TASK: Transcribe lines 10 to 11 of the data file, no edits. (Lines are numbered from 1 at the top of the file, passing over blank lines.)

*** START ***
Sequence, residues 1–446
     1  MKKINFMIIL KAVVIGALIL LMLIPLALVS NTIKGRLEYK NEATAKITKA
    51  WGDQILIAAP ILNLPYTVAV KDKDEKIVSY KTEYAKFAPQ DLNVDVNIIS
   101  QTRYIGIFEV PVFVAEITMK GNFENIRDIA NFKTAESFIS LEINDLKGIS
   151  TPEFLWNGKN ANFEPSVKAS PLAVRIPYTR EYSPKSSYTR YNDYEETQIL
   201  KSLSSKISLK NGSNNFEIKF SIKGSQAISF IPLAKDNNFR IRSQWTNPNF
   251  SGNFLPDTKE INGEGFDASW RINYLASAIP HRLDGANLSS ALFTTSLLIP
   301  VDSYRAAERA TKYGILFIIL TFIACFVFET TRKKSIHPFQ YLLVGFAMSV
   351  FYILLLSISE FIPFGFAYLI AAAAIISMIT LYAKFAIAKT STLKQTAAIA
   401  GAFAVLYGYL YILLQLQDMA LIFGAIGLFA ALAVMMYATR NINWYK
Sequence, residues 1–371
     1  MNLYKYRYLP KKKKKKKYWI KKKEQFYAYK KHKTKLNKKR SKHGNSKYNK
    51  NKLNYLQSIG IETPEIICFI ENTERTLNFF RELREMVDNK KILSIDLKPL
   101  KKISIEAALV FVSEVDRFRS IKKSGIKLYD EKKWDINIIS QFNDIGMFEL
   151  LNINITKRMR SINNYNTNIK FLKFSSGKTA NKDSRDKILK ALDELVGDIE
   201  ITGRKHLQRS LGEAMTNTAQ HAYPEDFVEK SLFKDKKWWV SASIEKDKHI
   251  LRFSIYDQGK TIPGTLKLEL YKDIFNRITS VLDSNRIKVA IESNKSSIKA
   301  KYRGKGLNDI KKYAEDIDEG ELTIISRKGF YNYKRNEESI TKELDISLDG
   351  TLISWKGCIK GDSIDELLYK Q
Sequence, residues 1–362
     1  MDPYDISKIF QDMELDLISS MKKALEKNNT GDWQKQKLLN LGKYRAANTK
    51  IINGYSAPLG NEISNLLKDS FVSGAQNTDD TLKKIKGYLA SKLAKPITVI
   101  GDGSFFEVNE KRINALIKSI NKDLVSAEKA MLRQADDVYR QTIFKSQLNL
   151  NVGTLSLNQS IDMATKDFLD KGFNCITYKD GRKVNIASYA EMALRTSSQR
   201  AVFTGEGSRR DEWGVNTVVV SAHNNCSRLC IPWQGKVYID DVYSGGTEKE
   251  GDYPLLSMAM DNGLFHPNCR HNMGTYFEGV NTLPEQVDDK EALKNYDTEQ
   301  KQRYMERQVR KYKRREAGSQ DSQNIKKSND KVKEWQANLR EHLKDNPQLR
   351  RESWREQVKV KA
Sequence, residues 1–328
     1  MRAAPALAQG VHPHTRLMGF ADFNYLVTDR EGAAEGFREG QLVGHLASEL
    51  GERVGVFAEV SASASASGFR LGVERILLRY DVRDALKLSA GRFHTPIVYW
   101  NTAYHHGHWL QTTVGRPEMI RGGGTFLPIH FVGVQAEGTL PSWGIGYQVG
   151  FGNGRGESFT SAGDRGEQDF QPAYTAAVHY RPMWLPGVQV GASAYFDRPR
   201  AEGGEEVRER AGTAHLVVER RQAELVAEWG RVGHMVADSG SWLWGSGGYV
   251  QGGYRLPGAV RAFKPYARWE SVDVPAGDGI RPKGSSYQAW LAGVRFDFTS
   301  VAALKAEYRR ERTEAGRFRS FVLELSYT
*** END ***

   401  GAFAVLYGYL YILLQLQDMA LIFGAIGLFA ALAVMMYATR NINWYK
Sequence, residues 1–371